Jerky treats have been an extremely popular treat for pets due to their high protein composition and low in fat, and dogs love them. In addition, the fact that the list of ingredients is generally very short (chicken and some flavors) allows people to feel good about giving their dogs something “natural”. The FDA does not believe that amantadine contributed to diseases because the known side effects or adverse events associated with amantadine do not appear to correlate with symptoms seen in cases related to dry meat for pets. I took her back to the vet because she started urinating everywhere and she has all the above symptoms.
The vet gave me tramadol but he didn't warn me about the candy, which I told him I was giving him, but he gave me a prescription for his food because he isn't eating. The FDA continues to monitor FLS-positive dogs to determine how long FLS markers remain in the urine after discontinuing dry meat pet treats. While most dogs that tested positive for FLS survived and their FLS appeared to resolve once candy was eliminated from the diet, it's important to note that most of these cases also received veterinary care, including hospitalization, intravenous fluid administration, etc. The FDA continues to work with laboratories across the country to investigate the causes of reported diseases in pets that could be related to the consumption of dry pet candy.
After the FDA released updates on the CVM on its research on Jerky Pet Treats pet treats (indicated by the arrows in the graphic above), the agency received an increase in public reports. Some dogs suffer from kidney failure and die, while others only have increased thirst and urination and recover completely within a few weeks of stopping eating chicken jerky treats. Dogs that get sick from dehydrated treats often suffer from gastrointestinal symptoms, such as vomiting and diarrhea, often accompanied by evidence of liver damage. Fortunately, as long as strangers, friends, and neighbors don't give your dog treats, the problem is easy to avoid.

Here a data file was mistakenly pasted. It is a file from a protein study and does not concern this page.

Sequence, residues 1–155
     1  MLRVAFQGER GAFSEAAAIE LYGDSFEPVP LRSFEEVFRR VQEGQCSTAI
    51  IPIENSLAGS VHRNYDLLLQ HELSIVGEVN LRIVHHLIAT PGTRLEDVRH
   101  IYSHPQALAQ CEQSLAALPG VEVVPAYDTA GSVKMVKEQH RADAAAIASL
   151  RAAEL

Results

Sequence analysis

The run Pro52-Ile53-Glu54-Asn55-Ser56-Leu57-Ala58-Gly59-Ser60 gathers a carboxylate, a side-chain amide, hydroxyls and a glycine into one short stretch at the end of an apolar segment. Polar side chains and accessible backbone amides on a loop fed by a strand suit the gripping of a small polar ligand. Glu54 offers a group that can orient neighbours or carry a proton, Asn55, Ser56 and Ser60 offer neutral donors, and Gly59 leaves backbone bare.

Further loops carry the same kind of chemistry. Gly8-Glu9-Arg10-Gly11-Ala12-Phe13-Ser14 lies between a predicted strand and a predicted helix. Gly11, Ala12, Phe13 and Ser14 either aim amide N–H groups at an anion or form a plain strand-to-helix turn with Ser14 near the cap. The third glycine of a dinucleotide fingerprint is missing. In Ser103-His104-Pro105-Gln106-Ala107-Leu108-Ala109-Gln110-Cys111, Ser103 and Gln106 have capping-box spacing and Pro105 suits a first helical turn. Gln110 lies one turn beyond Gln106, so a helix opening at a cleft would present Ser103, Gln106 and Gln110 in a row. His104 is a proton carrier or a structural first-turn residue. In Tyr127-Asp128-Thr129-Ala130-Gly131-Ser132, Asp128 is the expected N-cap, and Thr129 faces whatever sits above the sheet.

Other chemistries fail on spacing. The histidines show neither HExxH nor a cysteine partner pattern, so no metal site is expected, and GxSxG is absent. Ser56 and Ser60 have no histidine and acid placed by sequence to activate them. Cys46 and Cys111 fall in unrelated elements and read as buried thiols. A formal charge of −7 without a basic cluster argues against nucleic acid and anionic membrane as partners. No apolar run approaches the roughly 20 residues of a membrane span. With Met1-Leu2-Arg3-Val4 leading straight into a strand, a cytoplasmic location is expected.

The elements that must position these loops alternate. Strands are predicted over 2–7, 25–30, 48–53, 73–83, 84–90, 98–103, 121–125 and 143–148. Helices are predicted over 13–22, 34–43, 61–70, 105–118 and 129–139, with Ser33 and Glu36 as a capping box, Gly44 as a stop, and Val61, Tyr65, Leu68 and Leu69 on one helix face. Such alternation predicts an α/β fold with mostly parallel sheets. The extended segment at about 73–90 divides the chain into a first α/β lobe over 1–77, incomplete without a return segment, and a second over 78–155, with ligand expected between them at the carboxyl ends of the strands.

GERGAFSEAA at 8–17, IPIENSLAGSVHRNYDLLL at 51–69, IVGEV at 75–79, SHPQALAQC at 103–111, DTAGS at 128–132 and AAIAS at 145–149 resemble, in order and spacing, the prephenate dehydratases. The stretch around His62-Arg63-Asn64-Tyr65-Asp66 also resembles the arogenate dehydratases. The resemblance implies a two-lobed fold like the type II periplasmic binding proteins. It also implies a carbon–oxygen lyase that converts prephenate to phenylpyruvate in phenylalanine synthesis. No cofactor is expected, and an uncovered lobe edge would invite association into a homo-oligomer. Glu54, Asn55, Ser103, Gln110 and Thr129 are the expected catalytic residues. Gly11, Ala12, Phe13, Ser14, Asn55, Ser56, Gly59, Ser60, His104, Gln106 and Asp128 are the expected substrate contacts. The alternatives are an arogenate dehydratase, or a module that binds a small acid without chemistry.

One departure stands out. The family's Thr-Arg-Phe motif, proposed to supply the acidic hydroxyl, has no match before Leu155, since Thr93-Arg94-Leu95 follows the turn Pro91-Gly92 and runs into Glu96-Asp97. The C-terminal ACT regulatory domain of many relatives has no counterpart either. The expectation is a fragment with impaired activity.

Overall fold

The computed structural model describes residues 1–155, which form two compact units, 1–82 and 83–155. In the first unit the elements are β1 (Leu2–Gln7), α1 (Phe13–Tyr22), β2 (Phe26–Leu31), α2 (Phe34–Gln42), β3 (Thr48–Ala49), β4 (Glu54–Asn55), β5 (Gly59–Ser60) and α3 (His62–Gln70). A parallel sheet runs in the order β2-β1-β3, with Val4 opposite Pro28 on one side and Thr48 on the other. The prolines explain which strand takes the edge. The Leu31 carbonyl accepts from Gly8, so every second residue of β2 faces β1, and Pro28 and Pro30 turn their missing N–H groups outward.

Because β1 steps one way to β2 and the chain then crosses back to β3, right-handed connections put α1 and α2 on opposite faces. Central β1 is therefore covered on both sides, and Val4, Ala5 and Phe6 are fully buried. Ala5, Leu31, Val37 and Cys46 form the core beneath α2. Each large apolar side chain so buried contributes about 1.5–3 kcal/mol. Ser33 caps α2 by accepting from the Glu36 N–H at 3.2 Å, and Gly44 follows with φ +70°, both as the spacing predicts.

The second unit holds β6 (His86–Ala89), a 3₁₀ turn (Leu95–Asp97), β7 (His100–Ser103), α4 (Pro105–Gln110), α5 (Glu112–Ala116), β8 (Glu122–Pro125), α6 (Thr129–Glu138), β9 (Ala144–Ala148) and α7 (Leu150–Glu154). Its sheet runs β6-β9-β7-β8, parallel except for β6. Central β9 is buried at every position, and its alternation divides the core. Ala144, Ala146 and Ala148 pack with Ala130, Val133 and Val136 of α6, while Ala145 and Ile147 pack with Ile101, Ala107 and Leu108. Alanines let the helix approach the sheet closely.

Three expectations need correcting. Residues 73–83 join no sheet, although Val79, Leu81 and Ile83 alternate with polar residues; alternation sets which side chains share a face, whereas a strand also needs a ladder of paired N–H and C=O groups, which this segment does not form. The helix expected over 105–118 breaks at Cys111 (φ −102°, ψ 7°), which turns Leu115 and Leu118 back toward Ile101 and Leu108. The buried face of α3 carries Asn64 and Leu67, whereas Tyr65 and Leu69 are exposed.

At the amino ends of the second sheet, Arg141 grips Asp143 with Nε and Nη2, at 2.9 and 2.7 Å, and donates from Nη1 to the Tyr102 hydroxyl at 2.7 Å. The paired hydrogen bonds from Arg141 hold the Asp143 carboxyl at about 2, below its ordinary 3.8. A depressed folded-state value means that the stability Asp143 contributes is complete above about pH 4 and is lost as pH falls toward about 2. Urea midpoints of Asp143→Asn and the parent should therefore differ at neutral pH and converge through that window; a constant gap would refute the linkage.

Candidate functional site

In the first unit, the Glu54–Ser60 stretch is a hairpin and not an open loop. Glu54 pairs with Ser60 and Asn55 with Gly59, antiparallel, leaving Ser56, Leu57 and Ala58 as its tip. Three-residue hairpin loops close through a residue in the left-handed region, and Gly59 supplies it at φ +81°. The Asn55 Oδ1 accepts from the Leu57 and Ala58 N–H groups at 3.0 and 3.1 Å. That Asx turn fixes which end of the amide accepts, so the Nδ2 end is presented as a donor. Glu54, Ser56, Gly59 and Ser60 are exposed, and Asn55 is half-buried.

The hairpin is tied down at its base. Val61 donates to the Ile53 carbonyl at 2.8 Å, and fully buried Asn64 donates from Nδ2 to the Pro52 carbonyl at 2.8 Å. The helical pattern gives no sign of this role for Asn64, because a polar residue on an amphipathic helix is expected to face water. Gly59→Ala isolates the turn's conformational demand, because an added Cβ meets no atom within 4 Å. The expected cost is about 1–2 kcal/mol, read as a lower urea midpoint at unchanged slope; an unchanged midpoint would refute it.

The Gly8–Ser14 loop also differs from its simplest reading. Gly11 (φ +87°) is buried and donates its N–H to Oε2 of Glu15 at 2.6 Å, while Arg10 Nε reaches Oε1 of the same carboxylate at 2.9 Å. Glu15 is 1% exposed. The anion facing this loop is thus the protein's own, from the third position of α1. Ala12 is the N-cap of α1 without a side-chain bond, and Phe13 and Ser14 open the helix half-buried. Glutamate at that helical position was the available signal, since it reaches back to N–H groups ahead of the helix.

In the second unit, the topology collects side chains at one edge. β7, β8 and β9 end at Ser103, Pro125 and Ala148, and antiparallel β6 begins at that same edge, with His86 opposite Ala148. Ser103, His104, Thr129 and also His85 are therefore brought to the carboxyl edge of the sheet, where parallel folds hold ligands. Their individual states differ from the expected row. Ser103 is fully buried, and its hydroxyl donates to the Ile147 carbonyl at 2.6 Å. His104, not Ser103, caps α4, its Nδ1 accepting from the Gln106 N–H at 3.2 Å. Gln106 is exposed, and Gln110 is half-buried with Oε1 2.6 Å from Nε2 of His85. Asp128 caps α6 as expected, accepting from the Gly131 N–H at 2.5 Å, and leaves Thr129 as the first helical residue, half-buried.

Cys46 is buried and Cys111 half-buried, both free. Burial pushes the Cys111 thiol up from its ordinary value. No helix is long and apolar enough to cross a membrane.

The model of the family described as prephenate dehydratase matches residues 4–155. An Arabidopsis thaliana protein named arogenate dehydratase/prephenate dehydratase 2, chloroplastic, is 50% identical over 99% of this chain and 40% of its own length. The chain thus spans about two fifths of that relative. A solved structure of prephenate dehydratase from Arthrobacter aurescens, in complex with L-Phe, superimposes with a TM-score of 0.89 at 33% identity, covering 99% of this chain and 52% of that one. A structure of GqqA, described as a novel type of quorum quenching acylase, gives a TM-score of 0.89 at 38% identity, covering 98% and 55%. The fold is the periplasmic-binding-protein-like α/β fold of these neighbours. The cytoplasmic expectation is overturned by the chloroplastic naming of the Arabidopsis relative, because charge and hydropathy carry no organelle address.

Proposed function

The objective of the study was to compare the foods eaten by sick dogs (cases) with those eaten by dogs that did not get sick (controls), in order to determine if exposure to dehydrated pet treats is associated with illness. We know that the most frequently reported illnesses and deaths, but not always, are related to dehydrated pet treats from China. To date, testing for contaminants in pet candies containing dried meat has not revealed the primary cause of symptoms reported in pets. After completing a health risk assessment, the FDA believes that the disease reports it has received are unlikely to be due to the presence of antibiotic residues in dry meat products for pets.
Of course, the FDA could simply ban dried chicken candies, but so far it has refused to do so, supposedly because the adulterant, contaminant, or cause of the problems is unknown.